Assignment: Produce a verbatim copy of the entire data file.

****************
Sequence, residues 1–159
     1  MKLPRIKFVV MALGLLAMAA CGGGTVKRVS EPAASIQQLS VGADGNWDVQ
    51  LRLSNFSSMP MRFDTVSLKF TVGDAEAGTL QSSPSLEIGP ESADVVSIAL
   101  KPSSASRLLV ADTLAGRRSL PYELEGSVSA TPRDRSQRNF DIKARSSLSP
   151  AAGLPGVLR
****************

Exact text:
Sequence, residues 1–159
     1  MKLPRIKFVV MALGLLAMAA CGGGTVKRVS EPAASIQQLS VGADGNWDVQ
    51  LRLSNFSSMP MRFDTVSLKF TVGDAEAGTL QSSPSLEIGP ESADVVSIAL
   101  KPSSASRLLV ADTLAGRRSL PYELEGSVSA TPRDRSQRNF DIKARSSLSP
   151  AAGLPGVLR